Insisting on the importance of meaning, Dr. Schnell has a unique approach to understand human experience. Her comprehensive study is one of the best examples of how psychology of religion could broaden its scope. She and her colleagues have designed a study to find out not only the first meanings which come to participants’ minds but also their ultimate meanings. Dr. Schnell states that people usually answer with “family”, “friends”, “work” etc. when they are asked about their sources of meaning. However, it is unclear what their statements actually mean. She continues, saying “work can mean so many different things”. For one person, it is the possibility to be creative, for another it is community with colleagues, and for yet another it is the possibility to expand one’s knowledge. Thus, Dr. Schnell asks further detailed questions in order to discover the interviewees’ ultimate meanings. She summarizes her deep research and analysis by stating that “sources of meaning are not conscious. We are not really aware of them but we can reflect upon them.” As researchers we are familiar with this idea both from academia, as Victor Frankl’s (1992) Man’s Search for Meaning, and, indeed, from our personal lives and from others around us. However, what makes Dr. Schnell’s study unique is the scale she developed, The Sources of Meaning and Meaning in Life Questionnaire (SoMe) which provides a mirror to reflect ultimate meanings. It has already been translated into 11 languages.

Scale / Dimension Description Factors
VERTICAL SELFTRANSCENDENCE Commitment to an immaterial, supernatural reality Implicit Religiosity, Spirituality
HORIZONTAL SELFTRANSCENDENCE Commitment to worldly affairs beyond one’s immediate concerns Unison with Nature, Social Commitment, etc.
SELFACTUALIZATION Commitment to the employment, Challenge and Promotion ofone’s capacities Development, Individualism, etc.
ORDER Commitment to principles, common sense and the tried and tested Tradition, Practicality, etc.
WELL-BEING AND RELATEDNESS Commitment to enjoyment, sensitivity and warmth in privacy and company Community, Love, etc.

 

What We Mean by Meaning

One of the most impressive aspects of Dr. Schnell’s perspective is her clear conceptual analysis of meaning and her success in reflecting this clarity in her scale. Psychological literature focuses upon meaning from many different perspectives such as values, religiosity, spirituality, well-being, and happiness. Many studies use the term “meaning” almost synonymously with these concepts, which leads to differences and sometimes confusion about their definitions. Dr. Schnell offers clear explanations about the meanings of these key constructs of the field.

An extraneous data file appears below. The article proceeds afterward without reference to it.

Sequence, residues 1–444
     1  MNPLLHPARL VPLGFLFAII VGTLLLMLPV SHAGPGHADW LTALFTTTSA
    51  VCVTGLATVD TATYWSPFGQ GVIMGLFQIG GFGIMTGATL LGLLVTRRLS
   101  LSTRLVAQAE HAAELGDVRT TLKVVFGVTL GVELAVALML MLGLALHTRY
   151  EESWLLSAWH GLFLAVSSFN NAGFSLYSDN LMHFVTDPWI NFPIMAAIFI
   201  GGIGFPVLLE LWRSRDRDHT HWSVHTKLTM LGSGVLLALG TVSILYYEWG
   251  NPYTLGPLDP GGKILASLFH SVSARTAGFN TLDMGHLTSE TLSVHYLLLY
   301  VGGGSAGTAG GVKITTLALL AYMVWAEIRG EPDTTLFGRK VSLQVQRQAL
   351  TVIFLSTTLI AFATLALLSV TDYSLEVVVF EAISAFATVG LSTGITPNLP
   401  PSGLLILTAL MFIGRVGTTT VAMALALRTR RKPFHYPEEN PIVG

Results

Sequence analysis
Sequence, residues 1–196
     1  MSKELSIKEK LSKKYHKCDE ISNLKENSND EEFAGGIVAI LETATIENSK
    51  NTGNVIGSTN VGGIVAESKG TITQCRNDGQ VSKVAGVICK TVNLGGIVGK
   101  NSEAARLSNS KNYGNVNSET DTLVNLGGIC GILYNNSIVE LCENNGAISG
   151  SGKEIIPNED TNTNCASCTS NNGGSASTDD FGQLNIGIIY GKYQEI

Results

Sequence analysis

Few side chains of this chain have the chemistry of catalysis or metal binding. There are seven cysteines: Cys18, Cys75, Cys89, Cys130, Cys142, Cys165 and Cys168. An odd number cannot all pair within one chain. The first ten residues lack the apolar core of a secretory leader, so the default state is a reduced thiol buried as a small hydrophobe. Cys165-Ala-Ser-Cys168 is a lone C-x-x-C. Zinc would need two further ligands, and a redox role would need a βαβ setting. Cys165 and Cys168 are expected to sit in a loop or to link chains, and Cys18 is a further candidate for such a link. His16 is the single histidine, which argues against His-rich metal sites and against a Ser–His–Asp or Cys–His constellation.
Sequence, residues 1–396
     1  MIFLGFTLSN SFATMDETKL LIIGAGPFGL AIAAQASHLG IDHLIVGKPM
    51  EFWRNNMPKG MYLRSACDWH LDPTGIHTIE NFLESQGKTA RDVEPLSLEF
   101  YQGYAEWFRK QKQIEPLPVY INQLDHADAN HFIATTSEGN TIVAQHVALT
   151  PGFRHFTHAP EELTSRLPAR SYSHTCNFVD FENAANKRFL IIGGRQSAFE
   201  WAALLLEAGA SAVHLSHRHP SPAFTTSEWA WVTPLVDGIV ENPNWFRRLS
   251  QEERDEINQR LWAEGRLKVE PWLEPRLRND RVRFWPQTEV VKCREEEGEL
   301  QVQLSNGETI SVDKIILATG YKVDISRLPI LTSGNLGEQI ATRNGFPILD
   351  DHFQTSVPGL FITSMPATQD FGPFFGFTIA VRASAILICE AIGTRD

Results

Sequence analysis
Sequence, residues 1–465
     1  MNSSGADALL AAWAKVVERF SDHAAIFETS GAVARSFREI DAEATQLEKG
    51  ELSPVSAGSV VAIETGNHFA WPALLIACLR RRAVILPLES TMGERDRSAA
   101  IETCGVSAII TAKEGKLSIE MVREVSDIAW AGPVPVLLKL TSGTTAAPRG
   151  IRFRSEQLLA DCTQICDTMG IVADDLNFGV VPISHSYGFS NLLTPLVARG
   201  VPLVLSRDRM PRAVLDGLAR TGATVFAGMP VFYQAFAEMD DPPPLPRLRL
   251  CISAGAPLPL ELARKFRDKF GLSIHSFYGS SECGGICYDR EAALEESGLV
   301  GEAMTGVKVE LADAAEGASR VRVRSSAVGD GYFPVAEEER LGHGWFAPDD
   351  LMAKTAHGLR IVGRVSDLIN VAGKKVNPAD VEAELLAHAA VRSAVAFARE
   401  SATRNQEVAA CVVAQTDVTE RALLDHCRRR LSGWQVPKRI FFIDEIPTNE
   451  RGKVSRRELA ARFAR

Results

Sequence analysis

Meanings vs. Values

One can easily see that meanings and values are usually used together in the literature. Insisting on a difference between these terms, Dr. Schnell clarifies:

“Values are rather normative. How should it be, what is right etc.? People tell us a lot when we ask them what values they find important but then, if you look at what they’re actually doing, they have a big gap between actual behavior and what the values are. The sources of meaning are what people really do in their lives.”

This differentiation is of vital importance for psychology of religion. Because people tend to answer the questions “as they ought to be” instead of “as they are,” many researchers recognize a big challenge both in qualitative and quantitative studies. Positive attitude scales, like altruism and gratitude scales, are particularly at risk. Although there are some research techniques that enable us to minimize the risk, Dr. Schnell’s questionnaire presents a new approach. She claims that SoMe actually measures what people do and what they find important.

Meanings vs. Religiosity / Spirituality